Economic vision for Ontario

Posted on February 4, 2009 in Debates, Education Debates, Governance Debates – National – Economic vision for Ontario: foster ideas over industry
February 4, 2009.   KAREN HOWLETT

TORONTO — Ontario’s future depends on nurturing creativity and intelligence rather than protecting the past by bailing out struggling manufacturers, say the authors of a new report that calls for a sweeping transformation of Canada’s manufacturing heartland.

The transition to an economy based on brainpower rather than physical labour is already under way, says the report, commissioned by Premier Dalton McGuinty and written by urban thinker Richard Florida and Roger Martin, the dean of the University of Toronto’s Rotman School of Management.

“Our time is seeing the rise of a whole new economic system that is based more on brain than brawn, more on ideas than capital, more on human creativity than natural resources and brute strength,” the authors say in their report, which is to be published tomorrow. A portion was obtained by The Globe and Mail.

The authors call on the Ontario government to help speed the transition and ensure that the benefits of a knowledge economy are broadly based, by improving connections to urban centres and encouraging more residents to attend college or university.

“Ontario is relatively prosperous; but our assessment is that we have settled for a level of prosperity that sells our province short,” the authors say.

“We have in fact lost ground against the very best economies over the past twenty years.”

Mr. McGuinty asked Dr. Florida and Mr. Martin to study the changing composition of Ontario’s economy and work force last March, when the province was already suffering from thousands of job losses in the manufacturing sector.

Since then, however, the manufacturing job losses have escalated and the pain has spread to the entire economy. Ontario is now one of the poor cousins of Confederation, grabbing a share of the equalization pie for the first time, and it is facing several years of significant budget deficits.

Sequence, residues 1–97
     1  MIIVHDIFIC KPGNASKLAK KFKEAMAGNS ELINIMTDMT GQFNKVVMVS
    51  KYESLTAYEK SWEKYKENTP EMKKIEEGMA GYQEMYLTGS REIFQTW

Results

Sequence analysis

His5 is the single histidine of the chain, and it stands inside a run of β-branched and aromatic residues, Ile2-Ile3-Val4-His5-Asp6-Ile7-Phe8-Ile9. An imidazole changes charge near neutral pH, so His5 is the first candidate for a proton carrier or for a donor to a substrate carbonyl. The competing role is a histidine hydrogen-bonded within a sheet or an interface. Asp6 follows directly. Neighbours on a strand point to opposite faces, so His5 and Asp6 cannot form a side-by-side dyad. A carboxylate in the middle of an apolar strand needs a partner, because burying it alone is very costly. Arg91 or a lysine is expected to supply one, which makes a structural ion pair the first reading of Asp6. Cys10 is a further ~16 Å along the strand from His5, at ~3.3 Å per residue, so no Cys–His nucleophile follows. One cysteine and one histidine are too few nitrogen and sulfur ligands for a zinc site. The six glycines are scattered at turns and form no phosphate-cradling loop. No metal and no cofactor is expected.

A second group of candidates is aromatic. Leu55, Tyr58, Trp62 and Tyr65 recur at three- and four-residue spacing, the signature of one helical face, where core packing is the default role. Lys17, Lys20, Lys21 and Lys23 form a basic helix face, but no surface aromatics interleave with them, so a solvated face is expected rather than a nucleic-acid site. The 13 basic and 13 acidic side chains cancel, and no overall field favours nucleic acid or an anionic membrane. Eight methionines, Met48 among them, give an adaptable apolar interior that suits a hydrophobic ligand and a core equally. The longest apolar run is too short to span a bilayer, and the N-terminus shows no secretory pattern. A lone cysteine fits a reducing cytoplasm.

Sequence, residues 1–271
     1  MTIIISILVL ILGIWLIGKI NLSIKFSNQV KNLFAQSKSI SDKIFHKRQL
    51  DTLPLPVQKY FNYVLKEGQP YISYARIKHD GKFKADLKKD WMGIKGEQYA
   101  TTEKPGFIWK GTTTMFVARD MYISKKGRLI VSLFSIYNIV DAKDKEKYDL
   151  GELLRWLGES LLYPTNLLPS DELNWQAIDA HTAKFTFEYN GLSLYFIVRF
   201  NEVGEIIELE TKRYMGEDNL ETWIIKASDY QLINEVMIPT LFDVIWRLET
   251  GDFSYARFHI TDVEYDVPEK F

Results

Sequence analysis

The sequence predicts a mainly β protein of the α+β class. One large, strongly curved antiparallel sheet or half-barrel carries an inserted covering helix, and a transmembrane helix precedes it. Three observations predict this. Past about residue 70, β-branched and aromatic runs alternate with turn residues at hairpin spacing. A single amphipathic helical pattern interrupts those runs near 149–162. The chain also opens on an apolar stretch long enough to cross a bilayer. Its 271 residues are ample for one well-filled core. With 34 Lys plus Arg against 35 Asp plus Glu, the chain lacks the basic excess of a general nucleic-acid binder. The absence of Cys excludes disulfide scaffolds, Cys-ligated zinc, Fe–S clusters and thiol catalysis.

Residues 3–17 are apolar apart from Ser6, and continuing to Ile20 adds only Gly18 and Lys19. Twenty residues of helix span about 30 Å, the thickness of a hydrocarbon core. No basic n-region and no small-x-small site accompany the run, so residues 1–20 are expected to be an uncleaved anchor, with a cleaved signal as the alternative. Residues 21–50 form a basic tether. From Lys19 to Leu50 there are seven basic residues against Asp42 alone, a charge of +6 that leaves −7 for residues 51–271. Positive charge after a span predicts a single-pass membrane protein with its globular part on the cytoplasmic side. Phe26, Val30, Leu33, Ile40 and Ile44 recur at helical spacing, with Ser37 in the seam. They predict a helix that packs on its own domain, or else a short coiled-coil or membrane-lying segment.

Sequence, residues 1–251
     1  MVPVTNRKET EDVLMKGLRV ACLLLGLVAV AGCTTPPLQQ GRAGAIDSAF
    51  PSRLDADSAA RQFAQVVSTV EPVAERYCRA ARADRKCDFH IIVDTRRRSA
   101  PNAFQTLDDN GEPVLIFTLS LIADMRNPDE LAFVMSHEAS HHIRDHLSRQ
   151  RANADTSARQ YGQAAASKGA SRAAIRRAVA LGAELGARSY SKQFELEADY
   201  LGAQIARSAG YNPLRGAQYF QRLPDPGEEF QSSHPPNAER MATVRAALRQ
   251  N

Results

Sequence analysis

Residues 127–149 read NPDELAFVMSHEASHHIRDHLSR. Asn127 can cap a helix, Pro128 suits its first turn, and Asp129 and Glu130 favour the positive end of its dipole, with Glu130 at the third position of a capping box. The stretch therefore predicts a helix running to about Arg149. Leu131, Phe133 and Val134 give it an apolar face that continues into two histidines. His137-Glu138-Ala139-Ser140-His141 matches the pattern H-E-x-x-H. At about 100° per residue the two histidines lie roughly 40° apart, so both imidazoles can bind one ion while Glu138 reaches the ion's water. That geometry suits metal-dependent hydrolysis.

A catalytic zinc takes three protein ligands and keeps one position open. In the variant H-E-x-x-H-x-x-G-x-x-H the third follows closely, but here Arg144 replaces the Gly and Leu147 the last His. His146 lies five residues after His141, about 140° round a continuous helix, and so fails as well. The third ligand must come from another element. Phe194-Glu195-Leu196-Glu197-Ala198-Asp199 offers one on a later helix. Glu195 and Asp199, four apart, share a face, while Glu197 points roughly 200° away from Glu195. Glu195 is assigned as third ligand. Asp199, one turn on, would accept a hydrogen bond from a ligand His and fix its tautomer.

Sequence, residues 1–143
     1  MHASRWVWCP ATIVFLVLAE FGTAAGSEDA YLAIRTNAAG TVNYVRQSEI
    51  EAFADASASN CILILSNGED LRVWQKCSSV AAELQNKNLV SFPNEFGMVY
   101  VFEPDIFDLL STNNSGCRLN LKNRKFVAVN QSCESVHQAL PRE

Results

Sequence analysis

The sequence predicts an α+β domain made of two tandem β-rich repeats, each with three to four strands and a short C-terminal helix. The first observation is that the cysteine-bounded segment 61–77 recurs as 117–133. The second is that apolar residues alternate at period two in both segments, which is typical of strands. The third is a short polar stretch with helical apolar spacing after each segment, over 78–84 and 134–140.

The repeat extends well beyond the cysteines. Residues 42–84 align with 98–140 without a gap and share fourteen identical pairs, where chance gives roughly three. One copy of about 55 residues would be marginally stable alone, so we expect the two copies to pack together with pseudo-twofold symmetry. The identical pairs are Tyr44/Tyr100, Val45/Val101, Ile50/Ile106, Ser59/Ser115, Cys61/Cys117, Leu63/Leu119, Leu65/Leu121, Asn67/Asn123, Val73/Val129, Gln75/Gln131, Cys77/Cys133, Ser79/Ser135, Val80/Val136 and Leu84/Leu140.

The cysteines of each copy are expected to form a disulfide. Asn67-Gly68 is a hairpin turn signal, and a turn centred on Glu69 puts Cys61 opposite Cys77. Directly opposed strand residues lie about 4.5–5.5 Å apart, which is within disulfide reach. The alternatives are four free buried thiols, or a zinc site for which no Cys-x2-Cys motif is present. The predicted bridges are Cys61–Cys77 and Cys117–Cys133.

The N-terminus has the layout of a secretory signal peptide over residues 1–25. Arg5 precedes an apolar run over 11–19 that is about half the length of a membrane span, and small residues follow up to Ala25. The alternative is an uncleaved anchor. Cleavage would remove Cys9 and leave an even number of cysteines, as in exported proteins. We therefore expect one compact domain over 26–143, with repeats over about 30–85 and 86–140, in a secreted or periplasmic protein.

A senior government official described the report as visionary. “Here’s where Ontario should be looking to go,” he said.

The report says Ontario is experiencing a replay of the first half of the 20th century, when jobs in the farming, fishing and forestry sectors declined as the agricultural age made way for the giant factories, steel mills and auto plants of the industrial age. But the latest transition is potentially bigger and more powerful, the report says.

The authors strongly urge the government not to bail out those companies that are destined to become relics of the industrial age. The Harper and McGuinty governments have pledged to provide $4-billion in aid for the auto sector.

“As in all times of economic crisis, there is considerable pressure on governments to protect the past and to undertake bailouts – to preserve what we have in this time of uncertainty,” the report says. “But this protective approach can only forestall the inevitable.”

The better way, the report says, is to make investments that will generate prosperity for the long term. The goal should be to raise the creative content of all jobs, including routine ones in the service sector.

The authors acknowledge that the transformation will be painful. But they say those regions that can extend the creative economy to the production of goods, services and resources will gain significant advantage.

Ontario must strive to be the world’s first jurisdiction to revolutionize routine work, to make it more creative and better paying.

The current economic crisis opens opportunities for the province to use its full creative talents to expand the businesses and industries of the future, the report says.

“In crises like these, nations, regions, provinces and states can rapidly change ground; they can improve or lose position, depending on the actions they take,” it says.


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